I am not a politician,” says Ira’s Deli owner Iraj Rafei. “I am a veteran.”
Until two weeks ago, Ira’s Deli on 72nd and Prescott was pretty much the only spot in Portland’s Cully neighborhood showing the NFL Sunday Ticket. But owner Iraj “Ira” Rafei says he now refuses to show the games because NFL players are disrespecting the American flag and anthem.
Last year, quarterback Colin Kaepernick arguably is out of a job over his decision to kneel silently during the national anthem in protest of police brutality. But after Trump wistfully dreamed of a day NFL team owners would fire any “son of a bitch” player who dared kneel during the national anthem to protest police violence against black men, the silent protest has expanded into a movement.
Players of the NFL have responded to Trump’s commentary in kind over the past couple weeks. The Raiders’ Marshawn Lynch entered the stadium in an Everybody vs. Trump shirt, and many teams either kneeled in unison or stayed in the locker room during the anthem, with NBA teams and high-school cheerleaders showing solidarity.
This was all too much for Rafei. He shut down showings of NFL games at his shop and deli last month—which inspired customer complaints about the owner’s political stance on Yelp and the Cully neighborhood’s Next Door app.
“After asking to watch some games on a Sunday,” writes one customer on Yelp. “They got political when they wouldn’t put any of the NFL games on after Trump attacked the league and players for kneeling during the anthem. I respect their decision for doing so but will not be returning.”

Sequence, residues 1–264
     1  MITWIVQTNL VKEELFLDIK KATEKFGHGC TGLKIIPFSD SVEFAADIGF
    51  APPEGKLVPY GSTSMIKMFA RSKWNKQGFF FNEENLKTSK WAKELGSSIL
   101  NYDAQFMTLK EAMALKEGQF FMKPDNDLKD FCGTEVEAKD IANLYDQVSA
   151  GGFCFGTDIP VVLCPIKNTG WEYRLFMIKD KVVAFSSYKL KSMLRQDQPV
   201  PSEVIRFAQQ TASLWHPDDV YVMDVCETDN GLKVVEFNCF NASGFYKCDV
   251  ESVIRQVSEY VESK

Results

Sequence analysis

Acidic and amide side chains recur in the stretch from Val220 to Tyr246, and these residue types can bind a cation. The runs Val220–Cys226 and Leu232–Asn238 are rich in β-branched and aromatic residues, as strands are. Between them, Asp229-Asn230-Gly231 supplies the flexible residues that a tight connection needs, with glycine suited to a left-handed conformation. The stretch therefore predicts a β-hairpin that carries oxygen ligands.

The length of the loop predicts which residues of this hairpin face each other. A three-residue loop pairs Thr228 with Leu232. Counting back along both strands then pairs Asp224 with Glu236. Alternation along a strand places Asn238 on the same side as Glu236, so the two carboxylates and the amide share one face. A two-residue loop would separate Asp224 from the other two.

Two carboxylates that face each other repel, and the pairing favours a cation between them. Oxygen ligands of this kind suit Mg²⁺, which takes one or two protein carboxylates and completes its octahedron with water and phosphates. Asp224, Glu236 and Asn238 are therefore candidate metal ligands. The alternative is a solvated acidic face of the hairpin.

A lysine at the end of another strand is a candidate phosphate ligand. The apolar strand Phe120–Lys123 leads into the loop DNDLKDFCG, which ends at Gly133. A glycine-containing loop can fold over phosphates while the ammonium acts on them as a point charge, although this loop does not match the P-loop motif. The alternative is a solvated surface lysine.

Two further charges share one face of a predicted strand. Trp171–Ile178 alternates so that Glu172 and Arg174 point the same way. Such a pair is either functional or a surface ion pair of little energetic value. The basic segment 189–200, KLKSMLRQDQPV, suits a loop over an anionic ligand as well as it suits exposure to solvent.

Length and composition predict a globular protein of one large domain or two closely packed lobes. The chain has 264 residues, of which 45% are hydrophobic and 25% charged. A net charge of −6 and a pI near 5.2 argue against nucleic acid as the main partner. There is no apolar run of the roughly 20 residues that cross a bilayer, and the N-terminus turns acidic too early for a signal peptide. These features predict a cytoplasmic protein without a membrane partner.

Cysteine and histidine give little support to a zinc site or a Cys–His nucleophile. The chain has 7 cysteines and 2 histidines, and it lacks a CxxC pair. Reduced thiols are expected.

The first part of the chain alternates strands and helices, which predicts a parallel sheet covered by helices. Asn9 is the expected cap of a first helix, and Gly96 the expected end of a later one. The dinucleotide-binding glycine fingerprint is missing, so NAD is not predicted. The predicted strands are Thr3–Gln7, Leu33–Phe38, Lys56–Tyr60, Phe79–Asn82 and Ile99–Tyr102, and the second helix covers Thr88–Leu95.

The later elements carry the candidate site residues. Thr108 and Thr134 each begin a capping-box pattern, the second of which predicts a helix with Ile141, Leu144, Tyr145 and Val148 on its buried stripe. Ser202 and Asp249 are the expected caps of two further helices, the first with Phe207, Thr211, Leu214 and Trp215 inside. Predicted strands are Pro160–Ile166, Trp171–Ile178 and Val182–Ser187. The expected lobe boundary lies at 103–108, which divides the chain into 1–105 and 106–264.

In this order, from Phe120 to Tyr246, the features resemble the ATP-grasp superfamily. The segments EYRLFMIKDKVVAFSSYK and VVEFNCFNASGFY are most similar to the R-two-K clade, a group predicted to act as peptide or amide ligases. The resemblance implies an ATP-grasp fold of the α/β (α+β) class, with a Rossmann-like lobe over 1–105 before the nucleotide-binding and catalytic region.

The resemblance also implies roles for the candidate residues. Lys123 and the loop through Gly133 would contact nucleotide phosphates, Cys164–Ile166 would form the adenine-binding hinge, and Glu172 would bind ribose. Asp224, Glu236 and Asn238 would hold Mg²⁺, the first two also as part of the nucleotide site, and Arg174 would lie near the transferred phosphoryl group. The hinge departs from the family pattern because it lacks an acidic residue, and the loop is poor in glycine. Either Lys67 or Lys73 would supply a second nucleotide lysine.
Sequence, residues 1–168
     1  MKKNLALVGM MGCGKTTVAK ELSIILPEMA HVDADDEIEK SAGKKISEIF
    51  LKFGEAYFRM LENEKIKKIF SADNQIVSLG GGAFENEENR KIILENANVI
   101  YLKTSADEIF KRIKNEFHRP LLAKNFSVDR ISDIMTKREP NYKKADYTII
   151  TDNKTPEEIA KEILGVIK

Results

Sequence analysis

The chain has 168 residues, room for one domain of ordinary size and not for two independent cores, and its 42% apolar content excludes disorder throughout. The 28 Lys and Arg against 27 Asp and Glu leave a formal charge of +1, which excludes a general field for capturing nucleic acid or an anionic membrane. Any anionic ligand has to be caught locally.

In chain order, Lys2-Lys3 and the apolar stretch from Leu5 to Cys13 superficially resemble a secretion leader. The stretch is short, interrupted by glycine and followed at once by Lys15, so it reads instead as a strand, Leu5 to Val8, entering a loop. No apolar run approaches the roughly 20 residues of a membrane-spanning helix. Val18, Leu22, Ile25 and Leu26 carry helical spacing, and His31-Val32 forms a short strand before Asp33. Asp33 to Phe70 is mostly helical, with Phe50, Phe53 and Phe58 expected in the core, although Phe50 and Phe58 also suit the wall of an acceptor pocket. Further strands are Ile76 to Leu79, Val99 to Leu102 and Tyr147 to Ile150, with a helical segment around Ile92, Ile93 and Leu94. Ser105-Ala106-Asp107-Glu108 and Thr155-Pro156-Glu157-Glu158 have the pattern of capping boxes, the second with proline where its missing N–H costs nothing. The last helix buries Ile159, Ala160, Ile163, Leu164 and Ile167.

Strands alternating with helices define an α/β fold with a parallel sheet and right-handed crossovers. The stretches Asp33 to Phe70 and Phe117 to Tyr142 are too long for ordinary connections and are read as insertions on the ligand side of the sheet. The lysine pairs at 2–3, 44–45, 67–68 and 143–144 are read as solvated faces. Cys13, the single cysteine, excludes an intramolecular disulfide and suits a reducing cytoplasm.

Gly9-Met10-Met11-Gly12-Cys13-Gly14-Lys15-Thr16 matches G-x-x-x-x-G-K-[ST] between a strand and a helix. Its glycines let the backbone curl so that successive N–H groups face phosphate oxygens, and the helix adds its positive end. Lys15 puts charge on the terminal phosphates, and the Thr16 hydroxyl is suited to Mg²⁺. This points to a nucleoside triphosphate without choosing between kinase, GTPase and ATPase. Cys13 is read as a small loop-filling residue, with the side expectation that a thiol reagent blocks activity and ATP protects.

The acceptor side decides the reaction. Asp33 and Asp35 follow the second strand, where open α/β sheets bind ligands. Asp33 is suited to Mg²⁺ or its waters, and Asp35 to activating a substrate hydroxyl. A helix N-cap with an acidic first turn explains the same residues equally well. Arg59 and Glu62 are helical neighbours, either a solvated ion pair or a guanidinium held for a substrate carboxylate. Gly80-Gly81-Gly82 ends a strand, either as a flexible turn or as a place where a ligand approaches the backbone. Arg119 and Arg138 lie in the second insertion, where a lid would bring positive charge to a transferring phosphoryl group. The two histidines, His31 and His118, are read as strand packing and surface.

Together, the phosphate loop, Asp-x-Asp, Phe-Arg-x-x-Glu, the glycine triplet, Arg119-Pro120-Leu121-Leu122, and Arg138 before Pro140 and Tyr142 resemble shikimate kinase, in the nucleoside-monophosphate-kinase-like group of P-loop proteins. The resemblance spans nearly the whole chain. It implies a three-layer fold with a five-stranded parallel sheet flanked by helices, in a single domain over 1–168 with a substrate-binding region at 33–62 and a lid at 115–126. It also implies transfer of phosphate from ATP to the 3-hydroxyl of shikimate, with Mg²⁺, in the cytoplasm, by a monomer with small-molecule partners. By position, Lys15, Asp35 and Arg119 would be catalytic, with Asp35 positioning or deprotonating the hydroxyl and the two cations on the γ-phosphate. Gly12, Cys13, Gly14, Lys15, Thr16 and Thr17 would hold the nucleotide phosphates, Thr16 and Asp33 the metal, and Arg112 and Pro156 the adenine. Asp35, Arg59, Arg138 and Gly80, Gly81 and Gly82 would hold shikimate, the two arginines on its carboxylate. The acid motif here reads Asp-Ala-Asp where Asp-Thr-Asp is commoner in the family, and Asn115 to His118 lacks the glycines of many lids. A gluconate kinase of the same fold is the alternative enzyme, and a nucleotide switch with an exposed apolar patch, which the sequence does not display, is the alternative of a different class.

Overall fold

Rafei says he is not responding to the content of the protest over police violence—just how people treat the anthem.
“It’s not the principle,” he says. “I’m not a politician, I am a veteran. I fought for our country, I deeply believe in our flag, in the national anthem. It’s a matter of respect. I’m an American.”
Rafei emigrated to the United States from Iran in 1980 to flee the Islamic revolution, and subsequently enrolled for military service in the U.S., serving as a translator on the ground during the first Gulf war and fighting behind enemy lines.
“When I came to this country—it’s the best country on the face of the earth. I love the United States. I vowed to respect the flag,” he says. “Nothing I do is political or religious. I feel that we should respect all flags. If you respect all flags, all nations, they will respect yours.”
But any action surrounding a political protest is always, of course, political—and many have written that every form of protest by black Americans is always called inappropriate.
“I told the person who answered I would never be back,” wrote another customer on the Next Door app, after calling the Deli to complain about the policy. “I explained a few of the reasons. I also told her that the owner has every right to not show the games for any reason he chooses and I support that and I have the right to choose where I spend my money. We thanked each other for being open and honest with each other.”
Update October 5: Rafei says he has always welcomed people of all races, ages and religions at his shop—”I’m a minority myself,” he says—and that he is shocked and deeply upset at the anger this has caused. “If they’re actually going to come watch the NFL games, fine, I’ll show them the games,” he says. He asks that people please stop calling his deli.